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Adjustment made to pic caption -- while the example of modern aircraft carriers as a current manifestation of walking cities is relevant and wise to include, it would seem that these craft represent more of an intermediary stage, as they are (currently) very dependent on traditional nation-states for survival, manufacture and maintenance. Hence the change from "closely" to "loosely" in the caption. The observation that they fulfill many of the requirements of a "walking city" is certainly notable, so kudos to the original author on that account. It is important to remain honest about their limitations in the present. Until more self-sufficiency for the vehicles is obtained, however, we should resist the temptation to call 'em "closely" related to the walking city concept.
This article was automatically assessed because at least one WikiProject had rated the article as start, and the rating on other projects was brought up to start class. BetacommandBot 05:56, 10 November 2007 (UTC)
A massive city travelling along equatorial rails around the planet Mercury .... The city is pushed along by the slight yet powerful expansion of the rails as the close-by sun shines on them (with the city always just staying within the planetary night), moving the city once around the planet every 88 Earth days.
Shouldn't that be 176 days (two years)? —Tamfang (talk) 06:05, 4 June 2011 (UTC)
In 2312_(novel), Robinson quotes 177 days for the circumnavigation. In Blue Mars, I can only find reference to the 88 day year and the 59 day rotation period implying a long solar day. Definitely not an 88 day solar day. 220.127.116.11 (talk) 14:18, 25 March 2014 (UTC)
Wasn't the town Atlantis in Star Gate: Atlantis also able to move? I didn't follow the series closely enough to remember all details. Perhaps someone else does? 18.104.22.168 (talk) 06:46, 13 March 2015 (UTC)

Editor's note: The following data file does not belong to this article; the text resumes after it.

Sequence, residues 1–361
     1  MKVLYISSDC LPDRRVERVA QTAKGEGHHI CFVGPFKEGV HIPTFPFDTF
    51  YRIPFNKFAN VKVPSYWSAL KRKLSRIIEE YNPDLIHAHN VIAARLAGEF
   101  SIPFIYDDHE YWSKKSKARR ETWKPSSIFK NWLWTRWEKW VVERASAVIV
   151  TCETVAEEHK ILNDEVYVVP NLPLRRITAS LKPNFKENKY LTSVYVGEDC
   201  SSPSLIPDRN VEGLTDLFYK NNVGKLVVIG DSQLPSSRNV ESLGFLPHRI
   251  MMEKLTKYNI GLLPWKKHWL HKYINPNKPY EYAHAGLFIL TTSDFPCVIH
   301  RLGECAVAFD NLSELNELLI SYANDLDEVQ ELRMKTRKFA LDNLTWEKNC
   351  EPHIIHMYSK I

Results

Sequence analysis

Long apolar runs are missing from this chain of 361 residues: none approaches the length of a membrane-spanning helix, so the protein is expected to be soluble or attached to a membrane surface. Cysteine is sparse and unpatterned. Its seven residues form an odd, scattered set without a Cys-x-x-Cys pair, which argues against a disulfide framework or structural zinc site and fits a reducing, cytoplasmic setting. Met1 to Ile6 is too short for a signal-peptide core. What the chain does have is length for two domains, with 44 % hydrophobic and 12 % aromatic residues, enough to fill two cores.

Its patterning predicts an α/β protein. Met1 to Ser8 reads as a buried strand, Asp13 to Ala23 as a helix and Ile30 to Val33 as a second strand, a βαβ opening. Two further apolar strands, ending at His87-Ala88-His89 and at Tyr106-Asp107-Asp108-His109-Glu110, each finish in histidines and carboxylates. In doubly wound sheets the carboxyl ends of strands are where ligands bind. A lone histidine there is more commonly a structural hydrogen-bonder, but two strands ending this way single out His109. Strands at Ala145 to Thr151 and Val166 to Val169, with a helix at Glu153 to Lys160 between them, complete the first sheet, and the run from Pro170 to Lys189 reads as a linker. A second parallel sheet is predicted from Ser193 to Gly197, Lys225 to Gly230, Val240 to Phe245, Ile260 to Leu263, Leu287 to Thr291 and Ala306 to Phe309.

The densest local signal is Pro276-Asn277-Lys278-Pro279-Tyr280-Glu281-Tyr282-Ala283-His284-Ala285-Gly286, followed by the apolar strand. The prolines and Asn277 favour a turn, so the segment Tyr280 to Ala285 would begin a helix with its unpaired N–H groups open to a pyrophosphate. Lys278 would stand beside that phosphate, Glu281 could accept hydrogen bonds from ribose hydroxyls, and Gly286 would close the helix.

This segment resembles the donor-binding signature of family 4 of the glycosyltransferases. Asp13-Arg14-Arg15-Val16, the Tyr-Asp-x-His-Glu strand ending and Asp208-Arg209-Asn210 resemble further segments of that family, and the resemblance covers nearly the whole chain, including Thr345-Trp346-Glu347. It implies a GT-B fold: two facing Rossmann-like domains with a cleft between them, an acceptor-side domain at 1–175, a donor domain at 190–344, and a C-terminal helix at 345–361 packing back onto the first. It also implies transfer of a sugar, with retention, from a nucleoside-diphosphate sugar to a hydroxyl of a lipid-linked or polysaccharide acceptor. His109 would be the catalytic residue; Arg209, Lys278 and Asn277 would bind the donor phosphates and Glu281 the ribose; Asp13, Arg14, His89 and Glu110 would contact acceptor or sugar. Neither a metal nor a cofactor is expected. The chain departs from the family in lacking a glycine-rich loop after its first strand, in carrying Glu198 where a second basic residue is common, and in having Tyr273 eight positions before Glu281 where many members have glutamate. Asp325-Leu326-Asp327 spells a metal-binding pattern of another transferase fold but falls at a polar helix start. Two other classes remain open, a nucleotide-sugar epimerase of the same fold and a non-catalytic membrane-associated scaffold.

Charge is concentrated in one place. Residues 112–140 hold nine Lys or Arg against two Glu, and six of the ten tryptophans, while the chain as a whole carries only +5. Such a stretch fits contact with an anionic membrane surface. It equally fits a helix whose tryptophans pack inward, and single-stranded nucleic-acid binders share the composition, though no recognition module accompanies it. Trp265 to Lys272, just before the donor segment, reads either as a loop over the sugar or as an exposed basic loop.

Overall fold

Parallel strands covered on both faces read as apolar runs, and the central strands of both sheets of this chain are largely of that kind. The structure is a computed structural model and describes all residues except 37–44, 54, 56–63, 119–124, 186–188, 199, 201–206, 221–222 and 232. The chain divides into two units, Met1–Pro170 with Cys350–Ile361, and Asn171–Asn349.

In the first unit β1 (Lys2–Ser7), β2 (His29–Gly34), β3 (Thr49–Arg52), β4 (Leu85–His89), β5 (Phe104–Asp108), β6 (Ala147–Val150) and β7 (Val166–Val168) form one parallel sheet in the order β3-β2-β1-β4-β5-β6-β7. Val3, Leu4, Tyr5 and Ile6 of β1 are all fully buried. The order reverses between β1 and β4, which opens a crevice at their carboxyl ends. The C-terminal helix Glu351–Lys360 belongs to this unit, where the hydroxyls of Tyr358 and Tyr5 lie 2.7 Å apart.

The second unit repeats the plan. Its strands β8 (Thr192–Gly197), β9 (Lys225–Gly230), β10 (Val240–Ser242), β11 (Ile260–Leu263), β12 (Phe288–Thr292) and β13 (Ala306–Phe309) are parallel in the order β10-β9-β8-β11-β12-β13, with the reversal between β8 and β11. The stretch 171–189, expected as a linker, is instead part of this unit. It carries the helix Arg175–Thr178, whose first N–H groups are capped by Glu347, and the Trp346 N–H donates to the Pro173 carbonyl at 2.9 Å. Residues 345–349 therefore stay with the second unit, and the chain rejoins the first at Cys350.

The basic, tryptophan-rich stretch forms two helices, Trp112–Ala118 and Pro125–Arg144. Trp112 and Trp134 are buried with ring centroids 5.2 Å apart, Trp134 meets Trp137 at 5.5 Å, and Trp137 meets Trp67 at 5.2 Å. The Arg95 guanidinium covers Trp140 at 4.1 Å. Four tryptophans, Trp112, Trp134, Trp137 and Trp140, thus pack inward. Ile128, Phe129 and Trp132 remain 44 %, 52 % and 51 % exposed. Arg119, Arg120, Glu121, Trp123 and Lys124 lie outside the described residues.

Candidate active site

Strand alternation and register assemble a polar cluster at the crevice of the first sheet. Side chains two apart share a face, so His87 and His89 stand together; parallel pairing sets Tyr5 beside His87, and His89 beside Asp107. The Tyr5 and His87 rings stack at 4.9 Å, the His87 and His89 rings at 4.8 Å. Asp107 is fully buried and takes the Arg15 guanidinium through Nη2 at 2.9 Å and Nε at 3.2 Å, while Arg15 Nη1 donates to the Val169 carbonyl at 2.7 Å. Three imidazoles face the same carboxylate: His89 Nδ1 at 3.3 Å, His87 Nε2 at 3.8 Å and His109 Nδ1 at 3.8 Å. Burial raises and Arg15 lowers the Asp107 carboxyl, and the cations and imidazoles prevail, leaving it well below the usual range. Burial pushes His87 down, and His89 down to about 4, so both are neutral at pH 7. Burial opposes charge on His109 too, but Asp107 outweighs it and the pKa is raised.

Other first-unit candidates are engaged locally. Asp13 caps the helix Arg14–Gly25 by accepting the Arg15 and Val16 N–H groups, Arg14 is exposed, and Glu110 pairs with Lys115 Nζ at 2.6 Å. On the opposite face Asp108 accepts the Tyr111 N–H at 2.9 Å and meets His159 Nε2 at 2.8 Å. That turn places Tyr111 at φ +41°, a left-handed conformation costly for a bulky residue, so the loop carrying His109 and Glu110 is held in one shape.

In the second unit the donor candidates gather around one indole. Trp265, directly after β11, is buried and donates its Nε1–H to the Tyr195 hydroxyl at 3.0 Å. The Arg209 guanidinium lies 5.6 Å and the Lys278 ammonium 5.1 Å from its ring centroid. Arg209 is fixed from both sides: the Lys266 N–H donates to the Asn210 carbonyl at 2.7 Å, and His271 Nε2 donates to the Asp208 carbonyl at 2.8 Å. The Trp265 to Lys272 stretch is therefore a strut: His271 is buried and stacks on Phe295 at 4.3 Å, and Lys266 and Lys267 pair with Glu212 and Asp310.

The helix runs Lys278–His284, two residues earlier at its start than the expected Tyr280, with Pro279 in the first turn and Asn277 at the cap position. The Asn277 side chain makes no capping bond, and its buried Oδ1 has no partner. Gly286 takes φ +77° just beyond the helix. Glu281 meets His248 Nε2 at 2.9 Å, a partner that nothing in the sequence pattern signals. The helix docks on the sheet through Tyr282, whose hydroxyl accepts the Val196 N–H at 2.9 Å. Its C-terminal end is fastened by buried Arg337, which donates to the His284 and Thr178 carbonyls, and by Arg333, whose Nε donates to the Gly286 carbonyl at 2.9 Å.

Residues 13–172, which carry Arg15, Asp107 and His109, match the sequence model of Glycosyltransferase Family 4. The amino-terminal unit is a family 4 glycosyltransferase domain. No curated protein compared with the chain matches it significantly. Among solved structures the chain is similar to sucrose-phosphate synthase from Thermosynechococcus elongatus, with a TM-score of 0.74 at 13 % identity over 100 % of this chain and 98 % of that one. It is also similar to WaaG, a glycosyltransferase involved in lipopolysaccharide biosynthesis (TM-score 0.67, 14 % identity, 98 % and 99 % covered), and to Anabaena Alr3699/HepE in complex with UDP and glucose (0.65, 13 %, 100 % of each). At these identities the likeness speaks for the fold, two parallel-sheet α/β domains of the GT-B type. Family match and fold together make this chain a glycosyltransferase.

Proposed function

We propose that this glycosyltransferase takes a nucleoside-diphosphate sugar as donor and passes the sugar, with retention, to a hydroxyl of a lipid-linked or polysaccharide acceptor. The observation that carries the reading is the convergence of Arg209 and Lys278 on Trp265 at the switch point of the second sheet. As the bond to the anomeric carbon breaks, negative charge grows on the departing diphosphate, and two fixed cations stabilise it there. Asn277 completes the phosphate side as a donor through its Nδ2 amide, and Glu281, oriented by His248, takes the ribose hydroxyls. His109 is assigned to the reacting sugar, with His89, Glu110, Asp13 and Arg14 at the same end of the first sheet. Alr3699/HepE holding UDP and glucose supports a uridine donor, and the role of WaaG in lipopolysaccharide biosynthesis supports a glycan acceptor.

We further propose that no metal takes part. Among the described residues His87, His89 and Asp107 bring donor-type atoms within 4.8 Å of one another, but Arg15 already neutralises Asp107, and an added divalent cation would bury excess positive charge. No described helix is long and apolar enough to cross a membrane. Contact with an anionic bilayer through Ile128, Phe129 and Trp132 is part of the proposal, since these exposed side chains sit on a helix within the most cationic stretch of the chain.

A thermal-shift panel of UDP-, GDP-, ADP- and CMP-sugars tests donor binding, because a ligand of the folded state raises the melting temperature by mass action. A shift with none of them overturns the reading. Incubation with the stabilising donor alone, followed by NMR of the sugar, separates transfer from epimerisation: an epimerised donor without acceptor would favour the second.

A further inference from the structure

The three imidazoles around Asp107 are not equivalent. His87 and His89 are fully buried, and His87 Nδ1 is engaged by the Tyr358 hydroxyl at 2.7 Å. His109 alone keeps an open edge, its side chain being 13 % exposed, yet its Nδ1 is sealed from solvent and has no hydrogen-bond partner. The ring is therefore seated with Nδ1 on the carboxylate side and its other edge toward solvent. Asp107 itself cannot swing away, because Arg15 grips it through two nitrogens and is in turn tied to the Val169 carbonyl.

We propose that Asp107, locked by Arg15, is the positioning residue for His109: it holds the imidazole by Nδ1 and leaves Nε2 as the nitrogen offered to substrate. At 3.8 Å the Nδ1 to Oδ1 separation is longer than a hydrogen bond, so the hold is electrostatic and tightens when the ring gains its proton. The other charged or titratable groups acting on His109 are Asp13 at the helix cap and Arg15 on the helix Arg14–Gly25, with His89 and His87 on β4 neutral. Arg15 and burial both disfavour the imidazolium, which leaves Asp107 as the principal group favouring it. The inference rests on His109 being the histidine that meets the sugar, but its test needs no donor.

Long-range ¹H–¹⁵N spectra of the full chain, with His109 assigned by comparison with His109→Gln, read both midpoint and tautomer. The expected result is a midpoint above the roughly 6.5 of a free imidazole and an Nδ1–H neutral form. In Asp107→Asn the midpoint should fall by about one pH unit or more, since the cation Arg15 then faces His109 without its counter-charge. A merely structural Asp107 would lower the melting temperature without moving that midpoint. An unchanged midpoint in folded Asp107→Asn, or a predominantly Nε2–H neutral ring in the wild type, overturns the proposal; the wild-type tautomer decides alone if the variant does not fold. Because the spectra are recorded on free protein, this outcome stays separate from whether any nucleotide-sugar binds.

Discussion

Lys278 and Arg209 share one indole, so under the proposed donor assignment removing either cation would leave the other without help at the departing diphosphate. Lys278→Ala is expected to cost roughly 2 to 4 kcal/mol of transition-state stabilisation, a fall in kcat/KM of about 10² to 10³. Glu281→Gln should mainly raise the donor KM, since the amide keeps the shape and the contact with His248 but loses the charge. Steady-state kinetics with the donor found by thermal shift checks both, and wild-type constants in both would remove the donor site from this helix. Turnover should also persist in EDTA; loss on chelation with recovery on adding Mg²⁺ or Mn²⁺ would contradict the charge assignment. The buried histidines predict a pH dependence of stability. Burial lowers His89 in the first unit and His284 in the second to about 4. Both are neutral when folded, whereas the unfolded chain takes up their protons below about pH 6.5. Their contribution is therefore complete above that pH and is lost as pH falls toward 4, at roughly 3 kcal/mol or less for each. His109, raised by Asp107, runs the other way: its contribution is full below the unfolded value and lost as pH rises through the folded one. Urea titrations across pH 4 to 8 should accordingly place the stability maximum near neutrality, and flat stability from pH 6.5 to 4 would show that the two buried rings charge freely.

How does such a gigantic moving city walk all over the world without seriously pissing people off by trampling all over their crops, roads, infrastructure, leaving behind permanent damage from their "feet" or tracks? (Not to mention simply being really annoying; people dislike wind-turbines and cell towers enough. I doubt they'd like the idea of miles-wide metropolises trampling the countryside.) I suppose the guy who came up with the idea assumes that EVERYONE in the world will live in these cities by that point? What about crops? The natural world (if any remains)? Water crossings? Seems generally implausible to me. You'd have to not only find a clean, renewable source to feed humans appetites, but you'd then also have to find some way to power a few millions tons of self-propelled city as well. I doubt one would get the greatest MPG's out of something like that. If you really want moving cities, a big rail network would work better. Ocean-based ones would probably be the most ideal (until the first really big hurricane). Personally, I don't have any intentions of living in a city at any point, mobile or not..45Colt 08:06, 9 November 2015 (UTC)